One of the main issues about the concept of color is whether color is a physical property of something in the world around us or whether it is a mental property which is not present in the external world. (1) I had always tended to take for granted that what I saw in front of my eyes was reality. Similarly, I assumed that color was an external property of the world; the red car that we are driving is universally red, the green tree is always green regardless of whether or not we are there to perceive it. However, upon entering this neurobiology class, I learned quite the opposite; according to what I have now been taught, there are in fact scientific theories that suggest that color is not an exterior property, but rather a construction of the brain completely independent of wavelengths. The fact that there could be two opposite theories, both with substantial and valid evidence supporting their claims, made me question the things that I so readily believed and lead me to investigate each side’s arguments in an attempt to make my own evaluation. I therefore looked into the arguments both of scientists who believed that color was and was not a physical property of the world presented and the research that they believed supported their claim. Their claims rely on elements such as research conducted which proves the existence of conscious color perception in certain blind patients, the existence of color constancy, afterimages and simultaneous color contrasts, and research suggesting that early visual experience is indispensable for normal color perception. This paper will first describe a few of the arguments in favor of color subjectivism and then compare them with research and studies that seem to indicate that there is wavelength realism to color in order to then come up with an opinion on which one must adequately describes color.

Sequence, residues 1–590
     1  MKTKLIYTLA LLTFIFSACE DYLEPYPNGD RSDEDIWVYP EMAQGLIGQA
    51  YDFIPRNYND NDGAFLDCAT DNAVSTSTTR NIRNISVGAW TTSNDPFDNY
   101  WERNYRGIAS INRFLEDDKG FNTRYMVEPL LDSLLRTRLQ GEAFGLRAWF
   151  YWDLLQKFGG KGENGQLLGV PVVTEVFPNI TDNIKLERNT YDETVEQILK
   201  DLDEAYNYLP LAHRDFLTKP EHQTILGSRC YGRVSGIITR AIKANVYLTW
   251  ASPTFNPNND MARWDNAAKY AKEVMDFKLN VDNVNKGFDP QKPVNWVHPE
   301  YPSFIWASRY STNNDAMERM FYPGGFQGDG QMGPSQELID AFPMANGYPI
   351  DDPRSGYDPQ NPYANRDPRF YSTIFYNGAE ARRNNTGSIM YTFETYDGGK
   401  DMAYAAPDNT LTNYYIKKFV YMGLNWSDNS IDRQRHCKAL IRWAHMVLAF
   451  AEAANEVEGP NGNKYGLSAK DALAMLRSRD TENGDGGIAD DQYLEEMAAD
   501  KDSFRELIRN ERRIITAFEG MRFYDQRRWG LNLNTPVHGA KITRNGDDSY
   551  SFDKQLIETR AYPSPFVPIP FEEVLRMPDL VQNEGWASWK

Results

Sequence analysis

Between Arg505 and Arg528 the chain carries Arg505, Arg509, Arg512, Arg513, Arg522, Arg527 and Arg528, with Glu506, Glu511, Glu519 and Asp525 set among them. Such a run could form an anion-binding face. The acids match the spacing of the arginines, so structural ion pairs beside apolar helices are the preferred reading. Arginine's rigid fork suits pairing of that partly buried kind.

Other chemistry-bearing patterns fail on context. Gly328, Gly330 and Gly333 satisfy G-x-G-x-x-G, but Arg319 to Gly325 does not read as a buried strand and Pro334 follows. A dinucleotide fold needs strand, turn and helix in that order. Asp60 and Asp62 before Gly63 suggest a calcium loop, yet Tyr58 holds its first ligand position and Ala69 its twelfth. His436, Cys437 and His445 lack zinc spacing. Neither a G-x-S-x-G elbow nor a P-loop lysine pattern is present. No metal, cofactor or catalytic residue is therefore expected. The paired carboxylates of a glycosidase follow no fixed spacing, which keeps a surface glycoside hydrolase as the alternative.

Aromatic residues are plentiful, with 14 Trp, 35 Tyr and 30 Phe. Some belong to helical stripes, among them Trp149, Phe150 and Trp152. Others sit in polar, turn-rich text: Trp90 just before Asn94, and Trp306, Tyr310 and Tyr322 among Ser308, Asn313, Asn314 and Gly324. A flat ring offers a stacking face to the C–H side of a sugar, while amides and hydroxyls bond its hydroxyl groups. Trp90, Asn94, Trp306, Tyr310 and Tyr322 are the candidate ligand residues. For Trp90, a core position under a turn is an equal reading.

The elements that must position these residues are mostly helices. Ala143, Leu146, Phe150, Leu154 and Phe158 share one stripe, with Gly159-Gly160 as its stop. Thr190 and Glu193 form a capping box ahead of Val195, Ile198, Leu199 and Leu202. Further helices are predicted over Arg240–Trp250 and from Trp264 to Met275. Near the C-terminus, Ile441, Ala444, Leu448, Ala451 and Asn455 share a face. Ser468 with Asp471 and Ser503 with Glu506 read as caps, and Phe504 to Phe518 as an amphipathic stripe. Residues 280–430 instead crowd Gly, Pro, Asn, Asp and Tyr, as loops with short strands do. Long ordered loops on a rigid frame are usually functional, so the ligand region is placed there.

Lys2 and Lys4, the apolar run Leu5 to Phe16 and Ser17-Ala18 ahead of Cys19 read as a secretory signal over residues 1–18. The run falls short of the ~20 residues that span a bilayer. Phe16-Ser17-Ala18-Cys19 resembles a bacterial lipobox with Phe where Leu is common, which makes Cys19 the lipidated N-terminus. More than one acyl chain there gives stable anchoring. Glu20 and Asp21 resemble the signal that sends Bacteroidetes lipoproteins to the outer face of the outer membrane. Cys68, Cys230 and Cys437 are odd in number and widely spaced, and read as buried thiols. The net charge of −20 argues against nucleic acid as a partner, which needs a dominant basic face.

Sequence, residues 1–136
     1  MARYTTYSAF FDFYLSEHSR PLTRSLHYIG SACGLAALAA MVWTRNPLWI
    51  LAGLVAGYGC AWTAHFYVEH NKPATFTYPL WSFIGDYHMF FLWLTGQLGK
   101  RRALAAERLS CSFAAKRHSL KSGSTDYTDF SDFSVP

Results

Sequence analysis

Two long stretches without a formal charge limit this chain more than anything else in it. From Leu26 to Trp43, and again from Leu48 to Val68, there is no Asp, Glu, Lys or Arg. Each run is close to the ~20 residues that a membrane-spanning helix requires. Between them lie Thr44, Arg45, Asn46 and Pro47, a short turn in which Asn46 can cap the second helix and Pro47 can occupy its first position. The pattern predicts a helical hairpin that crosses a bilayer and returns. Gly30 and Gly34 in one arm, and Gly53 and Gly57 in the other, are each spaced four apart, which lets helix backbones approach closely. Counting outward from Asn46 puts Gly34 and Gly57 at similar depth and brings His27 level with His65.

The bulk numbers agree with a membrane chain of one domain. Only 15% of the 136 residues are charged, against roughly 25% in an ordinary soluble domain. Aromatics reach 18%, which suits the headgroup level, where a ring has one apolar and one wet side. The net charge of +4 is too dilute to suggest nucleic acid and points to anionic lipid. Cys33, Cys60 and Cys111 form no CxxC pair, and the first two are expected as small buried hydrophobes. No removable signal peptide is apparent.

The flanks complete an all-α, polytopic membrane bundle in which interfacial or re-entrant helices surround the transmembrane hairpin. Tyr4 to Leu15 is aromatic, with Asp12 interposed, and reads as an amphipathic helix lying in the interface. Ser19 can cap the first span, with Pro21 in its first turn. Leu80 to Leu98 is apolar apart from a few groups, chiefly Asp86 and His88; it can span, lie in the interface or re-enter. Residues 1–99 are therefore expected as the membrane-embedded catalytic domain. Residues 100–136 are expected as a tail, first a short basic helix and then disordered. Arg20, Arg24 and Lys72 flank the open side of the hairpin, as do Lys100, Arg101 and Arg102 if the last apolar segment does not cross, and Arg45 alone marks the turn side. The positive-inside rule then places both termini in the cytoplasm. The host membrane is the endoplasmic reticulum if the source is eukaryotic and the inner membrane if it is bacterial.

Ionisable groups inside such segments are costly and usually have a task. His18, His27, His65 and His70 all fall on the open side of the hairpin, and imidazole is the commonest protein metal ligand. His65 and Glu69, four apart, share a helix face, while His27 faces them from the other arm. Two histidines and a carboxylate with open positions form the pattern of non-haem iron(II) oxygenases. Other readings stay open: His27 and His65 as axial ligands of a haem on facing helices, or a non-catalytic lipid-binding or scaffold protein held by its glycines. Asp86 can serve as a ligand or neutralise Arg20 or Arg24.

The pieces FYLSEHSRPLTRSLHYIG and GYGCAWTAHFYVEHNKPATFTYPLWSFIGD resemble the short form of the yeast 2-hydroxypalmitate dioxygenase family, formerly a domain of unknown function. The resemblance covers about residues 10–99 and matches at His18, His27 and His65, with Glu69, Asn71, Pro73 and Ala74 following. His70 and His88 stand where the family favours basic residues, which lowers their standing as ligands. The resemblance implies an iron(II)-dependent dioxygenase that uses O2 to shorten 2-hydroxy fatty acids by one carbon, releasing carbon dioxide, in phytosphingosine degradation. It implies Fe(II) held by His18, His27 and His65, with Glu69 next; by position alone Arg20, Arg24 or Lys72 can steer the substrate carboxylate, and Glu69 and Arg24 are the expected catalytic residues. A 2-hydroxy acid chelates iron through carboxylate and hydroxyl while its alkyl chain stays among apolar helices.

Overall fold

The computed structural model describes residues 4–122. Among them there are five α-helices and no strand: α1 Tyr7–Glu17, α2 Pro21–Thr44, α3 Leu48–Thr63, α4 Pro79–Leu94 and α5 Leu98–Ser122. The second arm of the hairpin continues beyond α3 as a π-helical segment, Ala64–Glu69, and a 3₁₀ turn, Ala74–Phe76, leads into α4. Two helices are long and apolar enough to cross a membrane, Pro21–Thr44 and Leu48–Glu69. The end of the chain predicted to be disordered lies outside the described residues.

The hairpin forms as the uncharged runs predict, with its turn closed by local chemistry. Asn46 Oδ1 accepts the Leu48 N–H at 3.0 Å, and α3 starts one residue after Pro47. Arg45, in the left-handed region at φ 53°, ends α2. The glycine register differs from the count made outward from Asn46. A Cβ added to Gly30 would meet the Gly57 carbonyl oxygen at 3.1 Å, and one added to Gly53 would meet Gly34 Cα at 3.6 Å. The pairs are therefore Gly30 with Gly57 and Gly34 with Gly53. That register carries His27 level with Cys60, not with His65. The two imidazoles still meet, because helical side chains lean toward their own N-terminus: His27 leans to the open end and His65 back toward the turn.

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Rehabilitation and Regeneration- Effectiveness in Treatments of Spinal Cord Injury

According to the National Spinal Cord Injury Association, approximately 250,000 to 400,000 individuals in the United States have spinal cord injuries. Every year, approximately 11,000 people sustain new spinal cord injuries – that’s thirty new injuries every day. The injury comes from damage to the spinal cord that results in a loss of function such as mobility and feeling, and is usually a result of a trauma or disease. (1) One of the most obvious negative effects of a spinal cord injury is the difficulty in walking, forcing many patients to use wheelchairs in order to achieve locomotion. Over the past decade considerable effort has been directed at promoting the recovery of walking and finding effective treatments. The two treatments that are currently considered to be the most effective are rehabilitation and regeneration. Both methods consider a different way the Central Nervous System has of ‘fixing’ itself; regeneration aims to restore a functioning set of connections similar or identical to those present originally, whereas rehabilitation aims for the restoration of function by compensatory mechanisms. In this essay, we will analyze the rehabilitative and regenerative methods of intense training on a treadmill and promoting regeneration of axons in the spinal cord. Which method is more effective in treating spinal cord injuries (SPI)? In order to answer this question it is important to analyze the dynamics of the CNS itself, as well as the concepts or regeneration and rehabilitation and their effectiveness in case studies.